Video of RUSSIAN Tu-22M3 BACKFIRE Runway Overshoot During Aborted Take-off

Video of RUSSIAN Tu-22M3 BACKFIRE Runway Overshoot During Aborted Take-off

on Sep. 14, 2017 a Russian Tupolev Tu-22M3  bomber overshot the runway while taking off at Shaikavka airbase (Kaluga region) during Zapad 2017 exercise.

The crew was attempting to make a take-off when they decided to abort. However, the aircraft was unable to stop in time.

The heavy bomber said to be near maximum take-off weight at the time of the accident

The aircraft is attributed to the 52nd Guards Heavy Bomber Aviation Regiment.

 

“The cause of the accident was the failure of speed sensors during the take-off, resulting in the crew decided to stop taking off.” There have been no official statements released about the cause of the accident.

The four crew members on board the large supersonic strategic bomber were not injured in the accident.

Related Article: F-15 Emergency landing – Runway Overshoot led to Ejection

One Russian language news outlet quoted a “high-ranking source” as saying, “The cause of the accident was the failure of speed sensors during the take-off, resulting in the crew decided to stop taking off.” There have been no official statements released about the cause of the accident. The four crew members on board the large supersonic strategic bomber were not injured in the accident.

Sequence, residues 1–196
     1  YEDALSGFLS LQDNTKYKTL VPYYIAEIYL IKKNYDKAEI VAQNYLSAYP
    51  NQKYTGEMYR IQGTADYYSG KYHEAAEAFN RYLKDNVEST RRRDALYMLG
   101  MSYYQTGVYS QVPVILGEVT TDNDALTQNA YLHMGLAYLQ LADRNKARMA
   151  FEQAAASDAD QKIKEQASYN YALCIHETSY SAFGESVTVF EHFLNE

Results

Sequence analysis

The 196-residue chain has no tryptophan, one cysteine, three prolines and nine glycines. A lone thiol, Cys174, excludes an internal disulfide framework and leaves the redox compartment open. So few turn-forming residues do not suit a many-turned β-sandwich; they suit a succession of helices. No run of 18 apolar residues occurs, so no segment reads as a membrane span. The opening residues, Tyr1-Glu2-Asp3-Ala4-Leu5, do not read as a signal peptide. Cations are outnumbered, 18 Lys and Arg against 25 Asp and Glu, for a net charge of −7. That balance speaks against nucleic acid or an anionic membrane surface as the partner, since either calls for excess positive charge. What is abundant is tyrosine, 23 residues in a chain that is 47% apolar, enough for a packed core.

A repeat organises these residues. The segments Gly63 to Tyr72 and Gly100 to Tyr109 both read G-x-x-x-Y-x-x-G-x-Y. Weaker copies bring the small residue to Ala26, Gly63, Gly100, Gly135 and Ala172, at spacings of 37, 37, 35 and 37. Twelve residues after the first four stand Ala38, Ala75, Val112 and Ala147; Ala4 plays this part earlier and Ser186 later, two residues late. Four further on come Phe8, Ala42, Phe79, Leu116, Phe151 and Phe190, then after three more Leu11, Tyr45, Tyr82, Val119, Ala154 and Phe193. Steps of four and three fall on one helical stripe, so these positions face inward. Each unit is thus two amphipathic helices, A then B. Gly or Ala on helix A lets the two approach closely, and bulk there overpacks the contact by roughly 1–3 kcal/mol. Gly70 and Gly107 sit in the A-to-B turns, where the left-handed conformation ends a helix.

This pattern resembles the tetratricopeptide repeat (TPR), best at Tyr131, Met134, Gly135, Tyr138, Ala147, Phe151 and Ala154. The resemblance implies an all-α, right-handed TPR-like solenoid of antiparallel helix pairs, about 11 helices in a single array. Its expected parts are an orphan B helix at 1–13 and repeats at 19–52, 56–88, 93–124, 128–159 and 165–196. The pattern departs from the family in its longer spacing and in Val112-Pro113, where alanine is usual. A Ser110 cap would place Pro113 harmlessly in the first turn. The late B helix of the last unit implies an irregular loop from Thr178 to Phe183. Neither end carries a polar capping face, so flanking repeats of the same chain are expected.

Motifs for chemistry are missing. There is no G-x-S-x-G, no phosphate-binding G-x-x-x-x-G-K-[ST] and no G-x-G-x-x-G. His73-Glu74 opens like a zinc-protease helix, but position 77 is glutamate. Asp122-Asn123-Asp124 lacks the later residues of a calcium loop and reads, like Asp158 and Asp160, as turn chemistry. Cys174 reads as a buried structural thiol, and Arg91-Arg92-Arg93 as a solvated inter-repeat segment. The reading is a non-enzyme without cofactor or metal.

This is the third similar incident reported in Russian media during take-off of a Tu-22M3 bomber. The first two incidents were less serious since the aircraft involved were at lower take-off weights and could stop short of the end of the runway.

 

This is the third similar incident reported in Russian media during take-off of a Tu-22M3 bomber. The first two incidents were less serious since the aircraft involved were at lower take-off weights and could stop short of the end of the runway.

The bomber is said to be damaged beyond repair.

The Tupolev Tu-22M Backfire is a supersonic, variable-sweep wing, long-range strategic and maritime strike bomber developed by the Tupolev Design Bureau. During the Cold War, the Tu-22M was operated by the Soviet Air Force (VVS) in a strategic bombing role, and by the Soviet Naval Aviation in a long-range maritime anti-shipping role. Significant numbers remain in service with the Russian Air and Space Force (RuASF): as of 2014 more than 100 Tu-22Ms were in use.

The Russian Tupolev Tu-22M3 can be compared to the U.S. B-1B heavy bomber. Both aircraft are supersonic and use variable geometry swept wings. The Tu-22M3 however, is a twin-engine aircraft compared to the four engines on the B-1B of the U.S. Air Force. The two aircraft are of roughly similar size with the Tu-22M3 being slightly smaller than it’s U.S. counterpart, the B-1B.

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